companion now with whom I can communicate to relieve the loneliness of
these watches of the night. But I must not fail myself and my
family—and the necessity of exertion becomes apparent. I must try a
hors d'oeuvre, something that can go on between the necessary
intervals of Nap. Mrs. M[urray] K[eith's] Tale of the Deserter, with
her interview with the lad's mother, may be made most affecting, but
will hardly endure much expansion.  The framework may be a Highland
tour, under the guardianship of the sort of postilion, whom Mrs. M.K.
described to me—a species of conductor who regulated the motions of his
company, made their halts, and was their cicerone.
The Highland Widow, Waverley Novels, vol. xli.
May 28.—I wrote a few pages yesterday, and then walked. I believe the
description of the old Scottish lady may do, but the change has been
unceasingly rung upon Scottish subjects of late, and it strikes me that
the introductory matter may be considered as an imitation of Washington
Irving. Yet not so neither. In short, I will go on, to-day make a dozen
of close pages ready, and take J.B.'s advice. I intend the work as an
olla podrida, into which any species of narrative or discussion may be
I wrote easily. I think the exertion has done me good. I slept sound
last night, and at waking, as is usual with me, I found I had some clear
views and thoughts upon the subject of this trifling work. I wonder if
others find so strongly as I do the truth of the Latin proverb, Aurora
musis amica. If I forget a thing over-night, I am sure to recollect it
as my eyes open in the morning. The same if I want an idea, or am
encumbered by some difficulty, the moment of waking always supplies the
deficiency, or gives me courage to endure the alternative. 
See February 10, 1826.
May 29.—To-day I leave for Edinburgh this house of sorrow. In the
midst of such distress, I have the great pleasure to see Anne regaining
her health, and showing both patience and steadiness of mind. God
continue this, for my own sake as well as hers. Much of my future
comfort must depend upon her.
[Edinburgh,] May 30.—Returned to town last night with Charles. This
morning resume ordinary habits of rising early, working in the morning,
and attending the Court. All will come easily round. But it is at first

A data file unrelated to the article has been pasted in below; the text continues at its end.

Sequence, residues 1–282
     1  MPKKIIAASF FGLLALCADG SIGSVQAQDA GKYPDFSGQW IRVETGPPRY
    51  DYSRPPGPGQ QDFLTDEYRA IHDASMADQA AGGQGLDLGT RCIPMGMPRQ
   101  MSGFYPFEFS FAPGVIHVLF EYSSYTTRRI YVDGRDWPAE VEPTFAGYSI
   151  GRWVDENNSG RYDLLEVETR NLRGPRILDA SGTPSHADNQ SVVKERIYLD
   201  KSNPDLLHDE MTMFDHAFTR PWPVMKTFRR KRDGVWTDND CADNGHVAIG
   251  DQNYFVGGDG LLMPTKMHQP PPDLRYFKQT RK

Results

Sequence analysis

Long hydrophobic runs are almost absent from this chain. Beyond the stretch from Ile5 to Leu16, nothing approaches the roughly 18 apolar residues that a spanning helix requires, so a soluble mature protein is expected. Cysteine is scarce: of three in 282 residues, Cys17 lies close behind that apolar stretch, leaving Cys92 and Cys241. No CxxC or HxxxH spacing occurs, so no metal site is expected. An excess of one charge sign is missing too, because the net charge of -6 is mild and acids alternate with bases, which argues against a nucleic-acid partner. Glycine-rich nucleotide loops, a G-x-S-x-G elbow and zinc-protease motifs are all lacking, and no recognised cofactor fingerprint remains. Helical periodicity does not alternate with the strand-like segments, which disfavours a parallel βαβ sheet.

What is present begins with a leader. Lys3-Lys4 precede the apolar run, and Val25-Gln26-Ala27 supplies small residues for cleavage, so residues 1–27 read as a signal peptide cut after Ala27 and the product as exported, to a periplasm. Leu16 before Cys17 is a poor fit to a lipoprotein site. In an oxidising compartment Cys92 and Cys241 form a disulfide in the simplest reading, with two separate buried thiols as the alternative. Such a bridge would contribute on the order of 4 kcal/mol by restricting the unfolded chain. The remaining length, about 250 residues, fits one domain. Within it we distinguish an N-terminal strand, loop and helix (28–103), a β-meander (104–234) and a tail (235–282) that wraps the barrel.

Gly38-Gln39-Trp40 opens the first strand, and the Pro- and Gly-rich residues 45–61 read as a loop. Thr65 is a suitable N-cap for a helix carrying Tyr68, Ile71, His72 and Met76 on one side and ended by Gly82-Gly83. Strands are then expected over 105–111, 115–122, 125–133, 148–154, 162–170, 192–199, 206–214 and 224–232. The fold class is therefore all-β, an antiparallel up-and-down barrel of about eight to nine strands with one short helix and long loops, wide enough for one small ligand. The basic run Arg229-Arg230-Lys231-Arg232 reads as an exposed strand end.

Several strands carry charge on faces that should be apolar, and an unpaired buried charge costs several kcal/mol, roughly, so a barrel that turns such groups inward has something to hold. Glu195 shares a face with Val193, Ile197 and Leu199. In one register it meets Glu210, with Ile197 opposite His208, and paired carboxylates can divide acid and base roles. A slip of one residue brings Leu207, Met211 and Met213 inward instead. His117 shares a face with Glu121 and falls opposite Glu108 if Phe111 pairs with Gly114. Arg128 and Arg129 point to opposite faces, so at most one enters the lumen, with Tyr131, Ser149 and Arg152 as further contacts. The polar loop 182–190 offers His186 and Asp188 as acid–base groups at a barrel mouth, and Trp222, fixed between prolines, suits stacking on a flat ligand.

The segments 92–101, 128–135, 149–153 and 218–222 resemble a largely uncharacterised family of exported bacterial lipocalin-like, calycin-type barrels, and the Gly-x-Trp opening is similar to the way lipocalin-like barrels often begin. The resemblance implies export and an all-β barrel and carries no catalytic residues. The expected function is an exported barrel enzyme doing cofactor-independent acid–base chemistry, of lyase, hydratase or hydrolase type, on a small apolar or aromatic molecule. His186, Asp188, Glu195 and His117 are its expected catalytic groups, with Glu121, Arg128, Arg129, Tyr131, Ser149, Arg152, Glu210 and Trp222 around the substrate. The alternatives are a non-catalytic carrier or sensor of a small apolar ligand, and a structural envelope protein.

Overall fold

as if men looked strange on me, and bit their lip when they wring my
hand, and indicated suppressed feelings. It is natural this should
be—undoubtedly it has been so with me. Yet it is strange to find
one's-self resemble a cloud which darkens gaiety wherever it interposes
its chilling shade. Will it be better when, left to my own feelings, I
see the whole world pipe and dance around me? I think it will. Thus
sympathy intrudes on my private affliction.
I finished correcting the proofs for the Quarterly; it is but a flimsy
article, but then the circumstances were most untoward.
This has been a melancholy day, most melancholy. I am afraid poor
Charles found me weeping. I do not know what other folks feel, but with
me the hysterical passion that impels tears is of terrible violence—a
sort of throttling sensation—then succeeded by a state of dreaming
stupidity, in which I ask if my poor Charlotte can actually be dead. I
think I feel my loss more than at the first blow.
Poor Charles wishes to come back to study here when his term ends at
Oxford. I can see the motive.
May 31.—The melancholy hours of yesterday must not return. To
encourage that dreamy state of incapacity is to resign all authority
over the mind, and I have been wont to say—
"My mind to me a kingdom is." 
This excellent philosophical song appears to have been
famous in the sixteenth century.—Percy's Reliques, vol. i.
I am rightful monarch; and, God to aid, I will not be dethroned by any
rebellious passion that may rear its standard against me. Such are
morning thoughts, strong as carle-hemp—says Burns—
"Come, firm Resolve, take thou the van,
Thou stalk of carle-hemp in man."
Charles went by the steam-boat this morning at six. We parted last night
mournfully on both sides. Poor boy, this is his first serious sorrow.
Wrote this morning a Memorial on the Claims which Constable's people
prefer as to the copyrights of Woodstock and Napoleon. 
See June 2.